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Department of

Communication Studies

About Us

The origins of the Department of Communication Studies date back to 1982, when Dr. Larry Williamson was brought to USD to broaden and strengthen the existing "Speech Arts" emphasis in the Department of Fine Arts. By 1984 his leadership and creative efforts resulted in the introduction of a minor which, with the help of Dr. Linda A.M. Perry, became the Communication Studies Major in 1986. Two years later, Dr. Roger Pace joined the department, and played a fundamental role in developing the curriculum of the new major.

Over the past two decades, the department has grown, consistently attracting the largest number of majors in the College while also offering general education courses in communication concepts and skills. The popularity of our program goes far beyond increasing national interest in communication. Data reveals that our students highly value both the instruction and future preparation that they receive from our faculty. Our faculty consistently receives national recognition for their teaching and research, and the news media, civic organizations, and scholars from around the world regularly seek our expertise. Many of our students have pursued graduate studies in communication, law, history, and leadership, and many others have achieved prominence in industries such as news and entertainment media.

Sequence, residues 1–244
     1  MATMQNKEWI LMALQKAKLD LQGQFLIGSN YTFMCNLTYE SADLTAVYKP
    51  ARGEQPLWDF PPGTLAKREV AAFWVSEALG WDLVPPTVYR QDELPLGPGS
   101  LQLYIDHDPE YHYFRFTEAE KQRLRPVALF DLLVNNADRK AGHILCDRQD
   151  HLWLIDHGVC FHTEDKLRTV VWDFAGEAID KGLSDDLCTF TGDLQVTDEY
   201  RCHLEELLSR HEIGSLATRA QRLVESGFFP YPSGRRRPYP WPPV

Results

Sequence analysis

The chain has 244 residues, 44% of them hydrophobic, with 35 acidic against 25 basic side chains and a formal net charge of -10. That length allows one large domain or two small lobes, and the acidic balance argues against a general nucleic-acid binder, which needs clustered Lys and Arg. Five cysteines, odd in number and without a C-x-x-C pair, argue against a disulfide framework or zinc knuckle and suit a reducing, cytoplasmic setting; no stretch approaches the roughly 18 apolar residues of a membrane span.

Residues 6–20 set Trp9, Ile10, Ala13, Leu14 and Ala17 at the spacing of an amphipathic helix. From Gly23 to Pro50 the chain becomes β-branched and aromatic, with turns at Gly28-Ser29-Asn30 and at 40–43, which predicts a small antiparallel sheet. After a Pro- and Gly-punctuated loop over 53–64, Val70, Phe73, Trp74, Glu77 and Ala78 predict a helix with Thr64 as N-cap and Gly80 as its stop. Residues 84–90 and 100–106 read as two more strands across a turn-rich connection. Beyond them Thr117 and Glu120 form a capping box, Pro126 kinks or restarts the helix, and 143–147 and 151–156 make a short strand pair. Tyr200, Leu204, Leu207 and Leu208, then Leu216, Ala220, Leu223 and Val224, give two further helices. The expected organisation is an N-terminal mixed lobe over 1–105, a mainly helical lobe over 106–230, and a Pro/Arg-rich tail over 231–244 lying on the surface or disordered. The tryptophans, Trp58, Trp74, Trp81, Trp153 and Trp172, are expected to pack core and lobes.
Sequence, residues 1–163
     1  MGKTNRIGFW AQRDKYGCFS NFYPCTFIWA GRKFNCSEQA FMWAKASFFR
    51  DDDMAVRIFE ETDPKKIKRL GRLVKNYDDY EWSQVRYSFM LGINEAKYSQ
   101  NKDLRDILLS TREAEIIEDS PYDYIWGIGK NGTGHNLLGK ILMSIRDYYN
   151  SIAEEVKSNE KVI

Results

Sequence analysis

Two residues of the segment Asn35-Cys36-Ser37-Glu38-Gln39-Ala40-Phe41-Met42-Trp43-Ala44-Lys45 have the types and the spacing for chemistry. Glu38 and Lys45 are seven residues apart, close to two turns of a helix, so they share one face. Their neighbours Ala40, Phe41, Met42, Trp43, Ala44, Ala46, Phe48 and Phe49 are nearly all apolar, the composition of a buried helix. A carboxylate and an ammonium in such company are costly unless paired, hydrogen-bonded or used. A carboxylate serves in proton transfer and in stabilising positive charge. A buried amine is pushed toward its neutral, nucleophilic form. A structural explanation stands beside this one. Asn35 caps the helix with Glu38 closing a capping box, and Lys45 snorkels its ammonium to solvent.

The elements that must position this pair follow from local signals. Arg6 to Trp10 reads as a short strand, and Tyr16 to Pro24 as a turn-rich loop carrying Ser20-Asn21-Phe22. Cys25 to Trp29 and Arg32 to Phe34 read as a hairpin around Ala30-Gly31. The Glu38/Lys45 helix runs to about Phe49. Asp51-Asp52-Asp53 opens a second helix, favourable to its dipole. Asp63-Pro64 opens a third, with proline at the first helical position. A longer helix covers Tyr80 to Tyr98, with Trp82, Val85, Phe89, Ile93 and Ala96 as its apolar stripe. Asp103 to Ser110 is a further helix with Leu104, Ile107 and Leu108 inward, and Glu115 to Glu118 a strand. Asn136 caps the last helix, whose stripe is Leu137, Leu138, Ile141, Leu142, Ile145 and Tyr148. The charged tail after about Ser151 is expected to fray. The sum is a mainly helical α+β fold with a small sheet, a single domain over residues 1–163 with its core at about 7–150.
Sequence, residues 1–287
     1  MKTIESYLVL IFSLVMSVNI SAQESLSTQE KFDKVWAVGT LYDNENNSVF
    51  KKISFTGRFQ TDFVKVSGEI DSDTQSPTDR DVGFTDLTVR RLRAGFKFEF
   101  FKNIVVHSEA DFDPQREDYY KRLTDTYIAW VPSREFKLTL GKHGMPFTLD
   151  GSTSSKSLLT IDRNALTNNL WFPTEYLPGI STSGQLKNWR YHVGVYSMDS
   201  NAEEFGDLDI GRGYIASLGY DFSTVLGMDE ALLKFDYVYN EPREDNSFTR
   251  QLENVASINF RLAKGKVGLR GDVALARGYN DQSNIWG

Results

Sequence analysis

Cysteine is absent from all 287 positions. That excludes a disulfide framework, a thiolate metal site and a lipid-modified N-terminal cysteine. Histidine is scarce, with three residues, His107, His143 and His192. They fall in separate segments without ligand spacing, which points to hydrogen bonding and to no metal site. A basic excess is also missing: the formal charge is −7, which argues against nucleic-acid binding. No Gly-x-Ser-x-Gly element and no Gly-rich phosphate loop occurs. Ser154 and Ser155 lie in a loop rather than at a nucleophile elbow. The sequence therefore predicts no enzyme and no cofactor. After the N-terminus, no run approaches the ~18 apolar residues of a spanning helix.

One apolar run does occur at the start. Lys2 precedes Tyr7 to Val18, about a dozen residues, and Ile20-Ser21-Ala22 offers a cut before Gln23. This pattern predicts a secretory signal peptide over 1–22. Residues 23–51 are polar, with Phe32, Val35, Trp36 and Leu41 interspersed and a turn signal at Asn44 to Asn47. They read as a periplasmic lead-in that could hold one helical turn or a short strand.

Our primary goal is to help our students acquire the communication skills that equip them to live and work effectively, creatively, and responsibly in a variety of social contexts from interpersonal to public to mass communication. Students who complete the major will have broad knowledge of foundational theories of communication; prevailing communication research paradigms; media industry structure and practices; prevailing criticism of media practice and performance; media influence on individuals and groups; the interplay of media systems in a global context; roles and functions of communication in interpersonal, group, organizational, and public contexts; conventions of public address and advocacy; and the impact and ethics of persuasion. Students will also have the ability to think critically; develop and present an argument; conduct and evaluate social scientific, interpretive, and critical research; communicate effectively in interpersonal, group, organizational, and public contexts; and invent, arrange, and deliver effective and ethical messages via oral, print, and electronic modes.

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